In this course focus is placed on developing an in-depth understanding of the programming of CNC machining equipment using advanced programming technologies. This course covers developing toolpaths from both surface geometry and solids, automating toolpath development routines, programming wire EDM burns, and 4th and 5th axis machining. Classroom discussions and related activities support the projects in the corresponding lab courses.
MFTE- 222, CNC System Utilization
In this course focus is placed on developing skill in applying advanced programming technologies and utilizing CNC machining systems. This course covers, maintenance, startup, and operation of wire EDM equipment, as well as high-speed machining applications, and 4th and 5th axis machining applications. Numerous lab projects provide students the opportunity to apply the science and methodology covered in the corresponding lecture course.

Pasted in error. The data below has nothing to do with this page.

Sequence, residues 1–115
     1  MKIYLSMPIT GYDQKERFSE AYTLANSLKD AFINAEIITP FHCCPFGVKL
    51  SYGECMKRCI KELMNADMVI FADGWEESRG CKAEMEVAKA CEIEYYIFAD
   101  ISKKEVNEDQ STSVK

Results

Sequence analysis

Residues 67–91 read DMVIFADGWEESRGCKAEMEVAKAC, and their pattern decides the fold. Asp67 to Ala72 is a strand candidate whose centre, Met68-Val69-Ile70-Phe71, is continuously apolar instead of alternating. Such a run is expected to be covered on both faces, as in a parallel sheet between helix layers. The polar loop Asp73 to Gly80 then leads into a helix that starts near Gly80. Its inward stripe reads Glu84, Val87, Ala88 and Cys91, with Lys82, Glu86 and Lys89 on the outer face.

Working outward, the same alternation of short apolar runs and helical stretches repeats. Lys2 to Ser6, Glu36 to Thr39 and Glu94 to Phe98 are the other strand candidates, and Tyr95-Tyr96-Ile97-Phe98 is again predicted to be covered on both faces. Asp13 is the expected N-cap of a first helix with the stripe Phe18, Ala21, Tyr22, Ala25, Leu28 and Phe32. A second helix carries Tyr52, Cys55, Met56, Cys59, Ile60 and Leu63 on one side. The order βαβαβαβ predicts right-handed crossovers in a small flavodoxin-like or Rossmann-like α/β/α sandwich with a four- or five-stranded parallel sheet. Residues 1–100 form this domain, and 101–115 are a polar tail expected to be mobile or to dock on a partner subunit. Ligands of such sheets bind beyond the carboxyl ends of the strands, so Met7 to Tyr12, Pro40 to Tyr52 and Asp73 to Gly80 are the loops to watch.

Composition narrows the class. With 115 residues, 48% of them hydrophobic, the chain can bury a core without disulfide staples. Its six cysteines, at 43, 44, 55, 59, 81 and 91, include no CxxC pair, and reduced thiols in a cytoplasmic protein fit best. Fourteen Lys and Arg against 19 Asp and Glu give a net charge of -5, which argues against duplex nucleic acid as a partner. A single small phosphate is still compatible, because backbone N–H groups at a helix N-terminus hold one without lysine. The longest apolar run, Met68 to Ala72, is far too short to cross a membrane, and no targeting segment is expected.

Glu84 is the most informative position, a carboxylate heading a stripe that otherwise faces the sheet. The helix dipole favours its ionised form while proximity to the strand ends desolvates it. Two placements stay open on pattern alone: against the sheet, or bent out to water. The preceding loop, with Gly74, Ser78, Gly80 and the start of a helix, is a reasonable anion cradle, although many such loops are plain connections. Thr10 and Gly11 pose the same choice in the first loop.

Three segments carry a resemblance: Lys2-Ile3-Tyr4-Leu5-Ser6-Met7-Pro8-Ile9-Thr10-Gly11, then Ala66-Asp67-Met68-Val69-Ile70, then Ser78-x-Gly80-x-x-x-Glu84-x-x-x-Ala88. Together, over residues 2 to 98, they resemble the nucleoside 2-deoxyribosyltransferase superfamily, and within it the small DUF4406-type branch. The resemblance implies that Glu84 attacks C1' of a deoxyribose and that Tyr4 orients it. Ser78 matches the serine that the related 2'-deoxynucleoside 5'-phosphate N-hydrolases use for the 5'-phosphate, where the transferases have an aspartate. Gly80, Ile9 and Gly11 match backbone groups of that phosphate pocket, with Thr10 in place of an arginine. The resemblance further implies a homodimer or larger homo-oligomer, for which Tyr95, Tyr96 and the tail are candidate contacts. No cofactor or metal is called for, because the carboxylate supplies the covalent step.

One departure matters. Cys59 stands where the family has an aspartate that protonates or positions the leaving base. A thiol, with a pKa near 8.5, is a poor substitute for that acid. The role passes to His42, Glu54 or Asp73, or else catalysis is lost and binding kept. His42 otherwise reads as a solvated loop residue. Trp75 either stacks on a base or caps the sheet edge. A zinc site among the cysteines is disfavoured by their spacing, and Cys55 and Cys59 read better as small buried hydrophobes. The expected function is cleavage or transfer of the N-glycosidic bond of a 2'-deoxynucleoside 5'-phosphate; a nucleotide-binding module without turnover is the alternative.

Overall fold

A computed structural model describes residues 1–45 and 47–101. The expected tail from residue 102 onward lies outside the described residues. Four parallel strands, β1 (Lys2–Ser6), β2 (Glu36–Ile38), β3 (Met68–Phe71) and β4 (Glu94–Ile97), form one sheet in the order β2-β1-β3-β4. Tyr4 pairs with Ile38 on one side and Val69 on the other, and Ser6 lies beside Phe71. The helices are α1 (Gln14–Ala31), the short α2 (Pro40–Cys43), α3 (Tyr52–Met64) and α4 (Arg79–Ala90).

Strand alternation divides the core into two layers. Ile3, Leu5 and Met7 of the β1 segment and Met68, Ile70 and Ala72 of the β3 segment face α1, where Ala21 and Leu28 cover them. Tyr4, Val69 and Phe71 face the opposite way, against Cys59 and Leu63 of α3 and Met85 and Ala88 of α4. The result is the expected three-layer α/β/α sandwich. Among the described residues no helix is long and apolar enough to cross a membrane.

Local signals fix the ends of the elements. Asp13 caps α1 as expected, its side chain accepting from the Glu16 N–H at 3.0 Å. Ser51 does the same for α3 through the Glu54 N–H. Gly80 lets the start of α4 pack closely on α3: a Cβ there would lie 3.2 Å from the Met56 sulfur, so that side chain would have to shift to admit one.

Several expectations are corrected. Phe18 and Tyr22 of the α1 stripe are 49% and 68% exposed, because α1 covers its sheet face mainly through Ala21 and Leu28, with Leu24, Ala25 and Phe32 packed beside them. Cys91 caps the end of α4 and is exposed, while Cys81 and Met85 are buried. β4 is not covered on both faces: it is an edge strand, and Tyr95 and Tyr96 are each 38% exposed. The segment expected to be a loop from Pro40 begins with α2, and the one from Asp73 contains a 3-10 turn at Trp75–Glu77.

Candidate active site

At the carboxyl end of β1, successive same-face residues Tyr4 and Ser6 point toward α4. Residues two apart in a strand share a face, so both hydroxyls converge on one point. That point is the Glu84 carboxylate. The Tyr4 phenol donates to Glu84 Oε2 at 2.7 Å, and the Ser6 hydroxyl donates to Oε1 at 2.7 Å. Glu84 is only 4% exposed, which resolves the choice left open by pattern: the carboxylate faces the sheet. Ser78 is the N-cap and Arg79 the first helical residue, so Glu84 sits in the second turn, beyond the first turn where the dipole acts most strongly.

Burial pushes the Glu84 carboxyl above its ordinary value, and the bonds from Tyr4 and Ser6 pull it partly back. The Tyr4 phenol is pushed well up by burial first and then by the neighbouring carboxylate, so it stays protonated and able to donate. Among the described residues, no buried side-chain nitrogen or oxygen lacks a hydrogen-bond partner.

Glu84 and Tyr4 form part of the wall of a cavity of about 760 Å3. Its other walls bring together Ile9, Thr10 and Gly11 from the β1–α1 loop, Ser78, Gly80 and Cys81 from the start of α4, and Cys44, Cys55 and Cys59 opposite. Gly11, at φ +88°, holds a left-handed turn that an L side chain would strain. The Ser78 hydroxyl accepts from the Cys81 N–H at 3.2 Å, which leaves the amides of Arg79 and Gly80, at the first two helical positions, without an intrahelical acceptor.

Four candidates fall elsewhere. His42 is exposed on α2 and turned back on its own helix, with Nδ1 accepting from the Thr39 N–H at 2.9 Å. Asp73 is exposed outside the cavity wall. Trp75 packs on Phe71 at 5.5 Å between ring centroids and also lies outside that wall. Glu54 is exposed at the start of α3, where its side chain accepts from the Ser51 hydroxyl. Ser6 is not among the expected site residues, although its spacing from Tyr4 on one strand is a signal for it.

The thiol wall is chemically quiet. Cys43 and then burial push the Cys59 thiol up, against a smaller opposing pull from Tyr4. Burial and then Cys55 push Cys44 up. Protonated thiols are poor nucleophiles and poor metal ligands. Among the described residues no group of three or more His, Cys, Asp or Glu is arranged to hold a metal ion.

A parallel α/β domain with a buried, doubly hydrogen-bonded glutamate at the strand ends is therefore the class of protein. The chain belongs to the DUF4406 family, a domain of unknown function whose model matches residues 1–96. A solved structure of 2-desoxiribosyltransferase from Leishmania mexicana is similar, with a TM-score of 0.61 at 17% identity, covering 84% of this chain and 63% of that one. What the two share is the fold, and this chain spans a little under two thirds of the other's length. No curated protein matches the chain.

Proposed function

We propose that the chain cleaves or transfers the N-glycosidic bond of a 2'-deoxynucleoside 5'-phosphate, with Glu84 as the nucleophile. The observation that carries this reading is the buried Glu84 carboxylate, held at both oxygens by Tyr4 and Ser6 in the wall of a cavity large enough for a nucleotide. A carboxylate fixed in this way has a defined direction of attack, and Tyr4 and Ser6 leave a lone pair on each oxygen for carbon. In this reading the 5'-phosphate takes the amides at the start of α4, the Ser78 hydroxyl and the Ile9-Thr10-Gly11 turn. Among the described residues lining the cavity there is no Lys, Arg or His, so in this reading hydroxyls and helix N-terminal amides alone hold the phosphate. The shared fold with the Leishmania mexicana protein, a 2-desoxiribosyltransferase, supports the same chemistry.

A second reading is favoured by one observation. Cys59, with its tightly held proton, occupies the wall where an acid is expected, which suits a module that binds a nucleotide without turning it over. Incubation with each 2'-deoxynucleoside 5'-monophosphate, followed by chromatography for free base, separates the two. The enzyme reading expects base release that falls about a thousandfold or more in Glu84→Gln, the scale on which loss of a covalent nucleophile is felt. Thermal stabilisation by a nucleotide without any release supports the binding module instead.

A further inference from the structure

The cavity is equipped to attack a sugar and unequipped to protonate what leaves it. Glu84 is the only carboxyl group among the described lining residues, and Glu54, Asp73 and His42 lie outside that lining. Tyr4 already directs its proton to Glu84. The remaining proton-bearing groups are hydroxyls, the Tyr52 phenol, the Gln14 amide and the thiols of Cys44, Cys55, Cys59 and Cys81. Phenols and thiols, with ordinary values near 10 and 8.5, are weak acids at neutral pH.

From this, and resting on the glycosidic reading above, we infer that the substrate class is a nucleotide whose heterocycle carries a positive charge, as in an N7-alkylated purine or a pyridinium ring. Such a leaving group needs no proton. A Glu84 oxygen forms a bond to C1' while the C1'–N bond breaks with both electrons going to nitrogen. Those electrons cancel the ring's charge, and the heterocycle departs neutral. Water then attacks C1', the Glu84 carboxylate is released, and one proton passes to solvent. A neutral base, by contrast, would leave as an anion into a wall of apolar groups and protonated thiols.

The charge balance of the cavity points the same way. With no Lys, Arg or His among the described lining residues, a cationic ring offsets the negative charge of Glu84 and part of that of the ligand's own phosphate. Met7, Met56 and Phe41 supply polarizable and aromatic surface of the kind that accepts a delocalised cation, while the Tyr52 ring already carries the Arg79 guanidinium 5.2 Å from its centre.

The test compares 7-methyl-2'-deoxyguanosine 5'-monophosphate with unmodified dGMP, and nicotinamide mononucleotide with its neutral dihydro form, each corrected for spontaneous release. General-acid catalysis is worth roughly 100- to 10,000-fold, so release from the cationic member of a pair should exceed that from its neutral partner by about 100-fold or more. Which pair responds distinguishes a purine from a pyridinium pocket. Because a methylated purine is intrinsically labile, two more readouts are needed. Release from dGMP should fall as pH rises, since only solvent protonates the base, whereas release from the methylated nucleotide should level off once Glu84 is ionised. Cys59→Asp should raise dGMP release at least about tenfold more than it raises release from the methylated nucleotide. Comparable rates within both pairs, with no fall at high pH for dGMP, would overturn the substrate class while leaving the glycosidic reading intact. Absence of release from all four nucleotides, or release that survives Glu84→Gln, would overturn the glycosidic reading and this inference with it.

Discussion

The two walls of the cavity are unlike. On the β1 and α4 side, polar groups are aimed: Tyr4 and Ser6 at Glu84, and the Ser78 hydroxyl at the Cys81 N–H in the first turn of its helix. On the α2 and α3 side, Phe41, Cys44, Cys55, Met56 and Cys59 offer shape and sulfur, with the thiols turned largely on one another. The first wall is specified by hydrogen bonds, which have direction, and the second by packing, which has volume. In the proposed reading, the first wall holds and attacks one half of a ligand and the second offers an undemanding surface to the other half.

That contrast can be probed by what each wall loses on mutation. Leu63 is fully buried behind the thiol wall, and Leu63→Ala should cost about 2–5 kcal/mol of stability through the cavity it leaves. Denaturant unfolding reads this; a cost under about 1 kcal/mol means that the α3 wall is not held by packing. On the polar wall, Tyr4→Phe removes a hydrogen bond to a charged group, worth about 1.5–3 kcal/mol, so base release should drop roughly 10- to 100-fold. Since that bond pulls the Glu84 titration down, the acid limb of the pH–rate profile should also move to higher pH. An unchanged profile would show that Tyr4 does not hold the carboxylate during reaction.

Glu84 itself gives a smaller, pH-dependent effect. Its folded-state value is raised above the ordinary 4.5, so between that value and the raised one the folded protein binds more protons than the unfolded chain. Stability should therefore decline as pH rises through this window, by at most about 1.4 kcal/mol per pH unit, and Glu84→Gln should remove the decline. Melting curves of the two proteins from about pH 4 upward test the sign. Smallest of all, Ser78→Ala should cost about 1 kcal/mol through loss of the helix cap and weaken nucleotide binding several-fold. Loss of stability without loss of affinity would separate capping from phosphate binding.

MFTE-230, Advanced Machining Operations
In this course focus is placed on programming and conducting advanced machining operations. This course provides student the opportunity to interact and utilize advance machining operations by identifying, programming, and applying advanced machining methods. Computer Controlled Laser operations, Electrical Discharge Machining operations, Five-Axis Milling operations, Live Tooling Lathe operations, and Sinker Style Electric Discharge Machining operations are included in this advanced course of study. Lab projects include multiple projects that provide students the opportunity to develop, program, operate and apply advanced metal removal operations.
MFTE- 240, Design & Build Project